The Narrator spends the night at an inn on Putney Hill. He searches for more food and travels toward Leatherhead. He thinks about the death of the curate, for which he feels no remorse. He worries about where the Martians are and also what has happened to his wife. While traveling, he comes across a desperate-looking man holding a sword. He recognizes the artilleryman that was at his home and they speak a while. The artilleryman tells him that the two of them should start a new society in the sewers and subway tunnels, like rats. They should only allow the strongest survivors to join and someday overthrow the Martians. The Narrator fears the world that the artilleryman describes, but he agrees to help the soldier dig into the tunnels. They dig for a while and then eat, drink, and play cards. By the next day, the Narrator decides that he wants to find his wife and that he will leave the “undisciplined dreamer of great things to his drink and gluttony.”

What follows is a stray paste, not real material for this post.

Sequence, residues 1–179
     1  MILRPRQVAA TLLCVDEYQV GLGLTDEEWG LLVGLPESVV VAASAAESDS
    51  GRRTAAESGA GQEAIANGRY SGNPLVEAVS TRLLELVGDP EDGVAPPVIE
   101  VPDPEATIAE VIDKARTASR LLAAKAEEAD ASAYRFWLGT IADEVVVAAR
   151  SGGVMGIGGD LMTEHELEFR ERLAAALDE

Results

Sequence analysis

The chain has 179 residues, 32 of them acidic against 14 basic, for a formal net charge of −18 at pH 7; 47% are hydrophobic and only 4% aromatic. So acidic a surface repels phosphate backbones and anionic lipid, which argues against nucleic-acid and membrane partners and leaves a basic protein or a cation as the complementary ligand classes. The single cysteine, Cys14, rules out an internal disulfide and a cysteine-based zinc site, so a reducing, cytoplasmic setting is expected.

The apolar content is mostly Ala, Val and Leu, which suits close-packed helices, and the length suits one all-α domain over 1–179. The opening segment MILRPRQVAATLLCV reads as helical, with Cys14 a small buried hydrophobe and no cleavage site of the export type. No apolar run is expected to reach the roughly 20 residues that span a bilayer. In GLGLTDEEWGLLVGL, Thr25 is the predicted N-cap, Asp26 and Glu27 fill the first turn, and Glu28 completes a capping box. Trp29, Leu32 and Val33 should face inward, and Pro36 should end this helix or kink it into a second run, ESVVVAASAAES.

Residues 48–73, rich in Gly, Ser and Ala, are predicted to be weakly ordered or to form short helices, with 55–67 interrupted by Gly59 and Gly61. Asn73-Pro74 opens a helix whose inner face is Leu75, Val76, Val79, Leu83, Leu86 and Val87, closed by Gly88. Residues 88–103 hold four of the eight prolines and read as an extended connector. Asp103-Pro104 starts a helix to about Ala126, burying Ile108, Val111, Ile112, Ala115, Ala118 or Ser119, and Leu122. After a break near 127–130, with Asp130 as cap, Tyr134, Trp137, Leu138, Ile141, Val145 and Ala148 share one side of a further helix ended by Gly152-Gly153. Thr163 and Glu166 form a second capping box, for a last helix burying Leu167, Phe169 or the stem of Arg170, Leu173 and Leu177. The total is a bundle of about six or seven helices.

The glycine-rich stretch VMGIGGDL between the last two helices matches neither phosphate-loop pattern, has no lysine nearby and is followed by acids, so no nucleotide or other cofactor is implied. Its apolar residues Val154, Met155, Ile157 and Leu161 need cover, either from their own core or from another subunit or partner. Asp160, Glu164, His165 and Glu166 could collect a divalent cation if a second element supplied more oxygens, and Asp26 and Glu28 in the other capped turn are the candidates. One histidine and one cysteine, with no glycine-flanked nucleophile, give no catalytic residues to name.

The Narrator’s assertion that the Martians communicate through telepathy suggests that their technological superiority gives them an advantage over the humans. Telepathy would allow the Martians to communicate with one another in real-time, eliminating any inconsistencies that arise in a long chain of sources. The Martians communicate directly with one another, while the majority of humans rely on information from newspapers that a select number of people create. The Martians’ superior means of communication gives them a strategic advantage over the humans.
The curate’s weak-willed behavior symbolizes the church’s resistance to innovation in society and science. In different circumstances, the Narrator may not have been so perturbed by the man of the cloth, but the curate’s fear of the situation has led him to a crisis of faith that causes him to wallow in self-pity and become an albatross around the Narrator’s neck. The curate’s choices are self-serving, and he refuses to engage in forethought because he stubbornly believes that a clergyman should be able to count on his belief in a higher power to sustain him through crises. The two men’s differing opinions on God, endurance, and the unknown lead the curate to become an albatross around the Narrator’s neck, and his wasteful ways are the last straw that leads the Narrator to plot his solo escape.